Everybody has that one friend. That friend who lingers and lurks in social media, quietly waiting to pounce on you whenever you post something mildly political. The guy who — no matter what your political leaning is— will explain to you in excruciating detail why you are most likely wrong about literally everything. And it doesn’t matter who is in office: this friend is perpetually pissed off at whomever is running the show.
That friend is, most likely, a libertarian, and — ugh! — just the thought of him is exhausting.
Yeah, I said him. Four out of five libertarians are dudes. The world of libertarianism is a veritable sausage fest.
But I digress. Despite his quirkiness, your libertarian friend is not a bad guy. Typically, he’s hard working, well read, and owns enough firearms that — when the end-times arrive — you’ll be happy to be on his good side.
So what’s the best way to handle your libertarian friend? As a libertarian myself, I am here to offer some helpful tips and best practices. Though not exhaustive, this starter kit will help you get through some of the more tumultuous episodes that often arise in midst of your friendship with a libertarian.
Clear your calendar before you engage with a libertarian
Time management is a must when discussing anything with a libertarian. If you have stuff to do, your best bet is to just walk away. Your to-do list will thank you.
Or, if you have already commenced, just to say, “You’ve given me a lot to think about. Now, I need to get back to work.” Libertarians respect work ethic, and will likely back down by expressing the same sentiment. The last thing a libertarian wants you to think of him is unemployed.
If you do decide to move forward with the conversation, Godspeed! Consider yourself warned that a lengthy and spirited exchange is impending. You are about to be bombarded with a litany of economic terminology, case law, and a not-so-abridged history of government boobery.
You will likely hear about many authors and thinkers who you probably have never heard of before: Rothbard, Mises, Hayek, and Bastiat just to name a few. It’s ok if you haven’t read any of these authors, because we’re about to give you the Cliff’s Notes version of Austrian economics. If we have time, we’ll get into the Chicago school as well.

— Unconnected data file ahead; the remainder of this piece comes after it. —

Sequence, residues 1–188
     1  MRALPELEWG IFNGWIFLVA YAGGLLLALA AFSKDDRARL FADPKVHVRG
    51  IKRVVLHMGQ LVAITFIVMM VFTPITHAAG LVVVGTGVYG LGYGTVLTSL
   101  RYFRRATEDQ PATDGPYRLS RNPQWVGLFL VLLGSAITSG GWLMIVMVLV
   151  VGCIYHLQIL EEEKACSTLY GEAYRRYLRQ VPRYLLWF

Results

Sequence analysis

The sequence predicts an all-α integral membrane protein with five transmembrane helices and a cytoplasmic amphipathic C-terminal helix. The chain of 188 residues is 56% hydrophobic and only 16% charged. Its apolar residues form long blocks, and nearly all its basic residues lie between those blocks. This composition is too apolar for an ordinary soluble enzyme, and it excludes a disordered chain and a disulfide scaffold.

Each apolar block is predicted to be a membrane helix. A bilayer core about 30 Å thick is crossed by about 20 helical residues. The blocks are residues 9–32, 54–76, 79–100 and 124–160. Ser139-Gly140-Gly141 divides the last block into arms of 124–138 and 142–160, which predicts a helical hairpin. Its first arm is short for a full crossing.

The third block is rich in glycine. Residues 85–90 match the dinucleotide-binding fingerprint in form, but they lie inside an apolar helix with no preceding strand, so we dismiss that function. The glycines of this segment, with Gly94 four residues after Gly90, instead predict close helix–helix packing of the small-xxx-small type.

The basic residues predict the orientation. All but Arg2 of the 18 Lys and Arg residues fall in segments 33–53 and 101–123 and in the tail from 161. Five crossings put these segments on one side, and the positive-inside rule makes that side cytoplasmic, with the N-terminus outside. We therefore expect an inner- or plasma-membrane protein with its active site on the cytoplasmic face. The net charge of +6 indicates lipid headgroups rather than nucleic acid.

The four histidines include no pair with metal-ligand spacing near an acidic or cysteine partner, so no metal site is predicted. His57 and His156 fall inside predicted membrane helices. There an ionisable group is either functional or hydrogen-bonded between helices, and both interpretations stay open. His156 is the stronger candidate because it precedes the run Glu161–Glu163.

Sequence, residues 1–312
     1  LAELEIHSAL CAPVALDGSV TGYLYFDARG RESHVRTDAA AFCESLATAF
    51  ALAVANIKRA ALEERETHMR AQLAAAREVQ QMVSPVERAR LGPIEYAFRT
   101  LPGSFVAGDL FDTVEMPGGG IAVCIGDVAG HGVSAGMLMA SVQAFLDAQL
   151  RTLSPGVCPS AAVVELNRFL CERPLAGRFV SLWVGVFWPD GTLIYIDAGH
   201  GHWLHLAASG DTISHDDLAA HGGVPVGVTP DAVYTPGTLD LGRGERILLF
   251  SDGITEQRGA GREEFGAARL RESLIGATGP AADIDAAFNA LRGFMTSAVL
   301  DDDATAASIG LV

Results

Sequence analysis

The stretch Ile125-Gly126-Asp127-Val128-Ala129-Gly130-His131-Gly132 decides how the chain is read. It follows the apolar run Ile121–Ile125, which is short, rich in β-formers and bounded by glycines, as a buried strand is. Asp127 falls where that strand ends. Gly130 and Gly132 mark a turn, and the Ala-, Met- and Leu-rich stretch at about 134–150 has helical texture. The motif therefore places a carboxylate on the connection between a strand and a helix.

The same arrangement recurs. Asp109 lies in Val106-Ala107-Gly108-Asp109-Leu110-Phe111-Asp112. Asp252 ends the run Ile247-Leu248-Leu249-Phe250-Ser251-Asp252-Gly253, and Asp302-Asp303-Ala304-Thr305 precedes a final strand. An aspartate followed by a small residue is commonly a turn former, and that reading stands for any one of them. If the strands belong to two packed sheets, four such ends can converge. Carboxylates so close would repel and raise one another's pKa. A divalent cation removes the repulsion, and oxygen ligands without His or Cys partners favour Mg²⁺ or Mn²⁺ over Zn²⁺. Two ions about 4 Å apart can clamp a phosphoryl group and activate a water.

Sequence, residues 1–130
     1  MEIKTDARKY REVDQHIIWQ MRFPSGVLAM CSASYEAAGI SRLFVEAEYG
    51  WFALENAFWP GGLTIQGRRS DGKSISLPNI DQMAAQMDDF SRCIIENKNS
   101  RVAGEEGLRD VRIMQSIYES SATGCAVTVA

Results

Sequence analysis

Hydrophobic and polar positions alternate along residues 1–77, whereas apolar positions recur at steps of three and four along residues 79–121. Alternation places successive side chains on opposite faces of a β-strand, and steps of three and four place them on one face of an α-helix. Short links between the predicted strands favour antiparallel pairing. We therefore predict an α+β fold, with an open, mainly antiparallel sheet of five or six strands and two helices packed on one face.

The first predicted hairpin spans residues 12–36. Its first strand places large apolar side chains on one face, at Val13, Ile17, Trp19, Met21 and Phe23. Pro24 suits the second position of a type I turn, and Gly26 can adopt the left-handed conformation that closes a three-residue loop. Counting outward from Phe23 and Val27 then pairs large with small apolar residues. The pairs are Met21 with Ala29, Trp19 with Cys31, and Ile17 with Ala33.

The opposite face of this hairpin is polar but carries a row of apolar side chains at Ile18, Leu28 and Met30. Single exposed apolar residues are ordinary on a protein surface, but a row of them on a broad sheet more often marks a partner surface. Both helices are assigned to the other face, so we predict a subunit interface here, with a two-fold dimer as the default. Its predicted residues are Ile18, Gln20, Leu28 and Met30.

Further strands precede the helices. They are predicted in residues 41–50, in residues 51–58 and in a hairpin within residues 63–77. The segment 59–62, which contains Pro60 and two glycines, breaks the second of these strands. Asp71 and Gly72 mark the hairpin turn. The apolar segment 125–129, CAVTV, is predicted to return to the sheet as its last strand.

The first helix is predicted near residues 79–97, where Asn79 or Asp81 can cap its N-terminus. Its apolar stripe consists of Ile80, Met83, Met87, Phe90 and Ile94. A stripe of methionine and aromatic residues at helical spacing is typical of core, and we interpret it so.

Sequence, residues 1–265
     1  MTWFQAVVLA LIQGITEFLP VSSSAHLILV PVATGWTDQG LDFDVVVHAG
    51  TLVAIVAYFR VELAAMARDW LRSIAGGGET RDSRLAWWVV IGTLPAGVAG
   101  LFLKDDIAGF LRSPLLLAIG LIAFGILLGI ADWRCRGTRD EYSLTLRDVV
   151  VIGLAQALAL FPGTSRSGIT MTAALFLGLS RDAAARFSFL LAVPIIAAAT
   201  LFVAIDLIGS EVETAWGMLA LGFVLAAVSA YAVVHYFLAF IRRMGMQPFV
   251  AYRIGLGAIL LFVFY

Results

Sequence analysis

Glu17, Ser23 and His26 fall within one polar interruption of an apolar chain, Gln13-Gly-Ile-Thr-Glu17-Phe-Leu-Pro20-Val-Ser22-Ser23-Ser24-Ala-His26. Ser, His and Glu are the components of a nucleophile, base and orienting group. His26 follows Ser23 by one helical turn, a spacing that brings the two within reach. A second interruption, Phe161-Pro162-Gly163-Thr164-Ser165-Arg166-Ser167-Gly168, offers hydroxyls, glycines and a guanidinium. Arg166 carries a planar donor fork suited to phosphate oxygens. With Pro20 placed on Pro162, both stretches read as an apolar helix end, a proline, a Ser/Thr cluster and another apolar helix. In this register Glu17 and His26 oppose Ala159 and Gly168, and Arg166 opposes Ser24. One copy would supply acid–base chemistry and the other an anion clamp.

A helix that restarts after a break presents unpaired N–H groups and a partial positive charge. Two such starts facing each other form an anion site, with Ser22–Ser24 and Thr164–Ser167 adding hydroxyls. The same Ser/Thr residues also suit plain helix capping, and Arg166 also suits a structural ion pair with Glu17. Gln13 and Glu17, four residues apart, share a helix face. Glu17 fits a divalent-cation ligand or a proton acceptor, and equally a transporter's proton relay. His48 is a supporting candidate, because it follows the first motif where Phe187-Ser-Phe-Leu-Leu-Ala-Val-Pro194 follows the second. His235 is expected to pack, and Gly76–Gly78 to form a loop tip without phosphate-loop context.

Actually, it’s best that you just play dumb; quoting these guys makes libertarians feel warm and fuzzy, so we might be easier to appease later in the conversation. Plus, also, many of us haven’t really gotten past page 35 in most of these books, because — let’s be honest — they can be a bit dry. We mostly hold onto our limited knowledge of libertarian philosophers for the off chance that “Who wrote the ‘Road to Serfdom’?” will come up as a trivia question when we are at the bar.
Think of the word “statist” as a term of endearment
You have not officially debated a libertarian until you have been called a statist. The word “statist” is our favorite pejorative. The word usually comes bundled when we point out your unhealthy infatuation with roads and infrastructure. (Seriously — get a room!)
However, using the word statist is often the equivalent of the “race card” strategy in the context of debate. Usually when somebody has run out of good points to make, calling somebody racist is a handy ace up the sleeve. Libertarians will do the same. When we’ve run out macroeconomic jargon to support our claims, we’ll just remind you that you are experiencing a sad case of Stockholm Syndrome — you feel affection toward your abusive captor (e.g., the State). Simply put, you’re a statist who cannot be reasoned with.
Pretty much everybody is a statist in the eyes of a libertarian. Even libertarians think other libertarians are statists, so don’t take it personally.When you have a hammer, all you can see are nails. That’s the albatross that libertarians carry with them until the day they die.
Confused about libertarianism? So are libertarians
Don’t assume that you know what the “libertarian position” on any given issue is, because — frankly — libertarians don’t know either.
If you asked five libertarians what libertarianism means to them, you will likely receive ten different answers.